13 Then he inquired of me, “Don’t you know what these are?”

“No, my lord,” I replied.

14 “These are the two anointed ones,” he said, “who stand by the Lord of the whole earth.”  Zechariah 4:11-14 (HCSB)

The olive oil from the two trees and two branches represents a continual feeding of the lamps just as the Holy Spirit continually builds God’s church, one person at a time.  New believers are drawn to the Light of the World, Jesus Christ, through God’s generous prevenient grace.  Though human world governments have been continually evolving towards their final form since the fall of the Roman Empire, the eternal church of Christ has also been quietly growing throughout this time.  Not by might nor by power, but by God’s Spirit witnessing through His word into the hearts of women and men all over the globe.

There is a parallel passage in the book of Revelation about two anointed witnesses who will appear in the last days to make one final appeal to the world on behalf of Christ.  They will be almost universally opposed and killed, only to rise from the dead themselves three and a half days later.

I will empower my two witnesses, and they will prophesy for 1,260 days, dressed in sackcloth.”  4 These are the two olive trees and the two lampstands that stand before the Lord of the earth.  Revelation 11:3-4 (HCSB)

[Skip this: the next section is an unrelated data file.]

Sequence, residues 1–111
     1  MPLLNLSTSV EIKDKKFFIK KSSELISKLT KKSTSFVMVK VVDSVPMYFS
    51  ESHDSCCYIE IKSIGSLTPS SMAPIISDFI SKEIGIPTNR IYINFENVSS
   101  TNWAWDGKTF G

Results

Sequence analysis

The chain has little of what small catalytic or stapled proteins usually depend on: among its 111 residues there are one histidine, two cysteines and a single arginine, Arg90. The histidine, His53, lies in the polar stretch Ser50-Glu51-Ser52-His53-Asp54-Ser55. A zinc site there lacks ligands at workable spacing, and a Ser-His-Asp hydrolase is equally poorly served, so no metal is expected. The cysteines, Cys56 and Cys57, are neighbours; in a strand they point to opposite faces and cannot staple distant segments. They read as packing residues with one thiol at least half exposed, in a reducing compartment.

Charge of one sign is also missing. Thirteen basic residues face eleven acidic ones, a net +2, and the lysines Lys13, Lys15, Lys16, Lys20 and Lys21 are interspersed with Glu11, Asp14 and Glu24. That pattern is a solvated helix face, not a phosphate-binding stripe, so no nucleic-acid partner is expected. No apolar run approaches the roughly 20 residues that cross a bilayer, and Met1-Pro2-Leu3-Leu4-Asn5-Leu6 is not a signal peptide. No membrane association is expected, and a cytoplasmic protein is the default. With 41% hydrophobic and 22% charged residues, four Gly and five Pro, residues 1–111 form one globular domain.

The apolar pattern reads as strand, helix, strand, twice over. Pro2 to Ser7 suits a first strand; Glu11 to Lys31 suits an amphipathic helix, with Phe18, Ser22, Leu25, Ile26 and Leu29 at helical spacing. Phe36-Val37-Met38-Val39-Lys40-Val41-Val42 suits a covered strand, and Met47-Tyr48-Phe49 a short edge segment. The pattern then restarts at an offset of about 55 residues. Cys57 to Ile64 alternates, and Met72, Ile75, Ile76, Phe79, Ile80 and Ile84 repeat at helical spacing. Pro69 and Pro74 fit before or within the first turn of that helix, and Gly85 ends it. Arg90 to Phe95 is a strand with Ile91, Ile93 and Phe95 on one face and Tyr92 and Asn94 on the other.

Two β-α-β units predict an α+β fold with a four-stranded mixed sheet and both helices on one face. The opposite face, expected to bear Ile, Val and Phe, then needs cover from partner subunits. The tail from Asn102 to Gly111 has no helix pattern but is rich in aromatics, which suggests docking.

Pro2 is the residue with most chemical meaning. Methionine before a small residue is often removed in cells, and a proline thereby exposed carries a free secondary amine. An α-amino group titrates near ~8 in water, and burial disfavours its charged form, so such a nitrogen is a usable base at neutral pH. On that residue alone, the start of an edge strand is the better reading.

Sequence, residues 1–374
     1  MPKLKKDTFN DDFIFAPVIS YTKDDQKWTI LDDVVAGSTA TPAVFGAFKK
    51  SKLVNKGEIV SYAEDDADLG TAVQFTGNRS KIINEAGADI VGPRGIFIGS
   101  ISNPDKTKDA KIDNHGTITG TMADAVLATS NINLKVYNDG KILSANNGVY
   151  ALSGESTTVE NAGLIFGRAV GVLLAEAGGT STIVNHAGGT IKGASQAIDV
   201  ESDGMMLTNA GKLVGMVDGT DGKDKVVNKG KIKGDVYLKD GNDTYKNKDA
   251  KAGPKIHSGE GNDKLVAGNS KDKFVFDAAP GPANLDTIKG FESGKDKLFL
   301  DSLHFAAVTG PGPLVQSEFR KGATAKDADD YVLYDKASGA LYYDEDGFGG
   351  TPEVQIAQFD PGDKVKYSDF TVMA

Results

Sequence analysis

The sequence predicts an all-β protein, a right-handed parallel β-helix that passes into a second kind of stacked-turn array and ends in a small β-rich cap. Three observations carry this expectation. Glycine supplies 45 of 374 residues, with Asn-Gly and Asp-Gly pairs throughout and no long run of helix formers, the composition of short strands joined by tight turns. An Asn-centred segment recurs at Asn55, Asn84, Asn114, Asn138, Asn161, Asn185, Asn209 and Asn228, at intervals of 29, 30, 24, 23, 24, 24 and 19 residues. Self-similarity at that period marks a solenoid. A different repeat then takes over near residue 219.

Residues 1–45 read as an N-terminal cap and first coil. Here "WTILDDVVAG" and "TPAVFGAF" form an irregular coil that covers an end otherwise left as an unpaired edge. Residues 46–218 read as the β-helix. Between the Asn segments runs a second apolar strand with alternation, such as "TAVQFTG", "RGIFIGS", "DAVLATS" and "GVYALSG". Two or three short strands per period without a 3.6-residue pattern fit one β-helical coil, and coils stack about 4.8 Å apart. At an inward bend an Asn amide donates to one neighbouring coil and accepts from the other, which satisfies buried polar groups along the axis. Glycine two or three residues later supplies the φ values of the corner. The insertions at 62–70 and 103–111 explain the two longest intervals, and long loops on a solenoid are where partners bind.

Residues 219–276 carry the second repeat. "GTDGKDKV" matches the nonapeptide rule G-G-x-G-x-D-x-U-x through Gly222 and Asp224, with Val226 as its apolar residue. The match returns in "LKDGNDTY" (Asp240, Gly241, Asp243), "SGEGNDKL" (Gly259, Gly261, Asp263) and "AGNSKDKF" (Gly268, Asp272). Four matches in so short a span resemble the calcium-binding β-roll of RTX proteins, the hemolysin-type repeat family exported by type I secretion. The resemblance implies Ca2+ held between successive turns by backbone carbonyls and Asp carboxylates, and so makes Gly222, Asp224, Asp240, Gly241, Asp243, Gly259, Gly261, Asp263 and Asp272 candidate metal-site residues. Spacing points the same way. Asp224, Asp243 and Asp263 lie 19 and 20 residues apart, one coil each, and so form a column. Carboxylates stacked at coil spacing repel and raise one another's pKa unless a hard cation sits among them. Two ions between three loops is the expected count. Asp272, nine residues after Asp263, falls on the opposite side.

God’s great and final empire will not initiate with a massive invading army like those of Alexander the Great or Nebuchadnezzar.  It will grow slowly in the hearts of people.  When Christ finally does return in glory with the New Jerusalem, He will put down all who actively oppose Him and His people.  His throne will be located on the foundations of the work begun by Zerubbabel, humble servant of the Lord and a member of the genealogy of the coming King, Jesus Christ.

12 Then after the exile to Babylon
Jechoniah fathered Shealtiel,
Shealtiel fathered Zerubbabel,
13 Zerubbabel fathered Abiud,
Abiud fathered Eliakim,
Eliakim fathered Azor,
14 Azor fathered Zadok,
Zadok fathered Achim,
Achim fathered Eliud,
15 Eliud fathered Eleazar,
Eleazar fathered Matthan,
Matthan fathered Jacob,
16 and Jacob fathered Joseph the husband of Mary,
who gave birth to Jesus who is called the Messiah.  Matthew 1:12-16 (HCSB)

Reflection

What great blessings in your life did the Lord initiate with small beginnings?  What “small things” might He be working on around you now?

Many of us who came to faith in Christ did so in small increments, while others did so with a sudden revelation.  As infinite as God is, there are an unlimited number of ways for people to be drawn to Him by His love and grace.  May He continue to do so in our lives and in the lives of those we love, live near, or work with.

Precious Lord, thank You for being constantly at work in our lives.  Continue to bless us, protect us, and use us to advance Your kingdom.  May we reflect Your Light to others as anointed vessels, purified by the sacrifice of Jesus Christ and continuously filled with the “oil” of Your Holy Spirit.  We ask this in Jesus’ name, Amen.

 Branch and Stone – Zechariah 3

The prophet Zechariah’s vision of Judah’s high priest Joshua in the court of the Lord continues: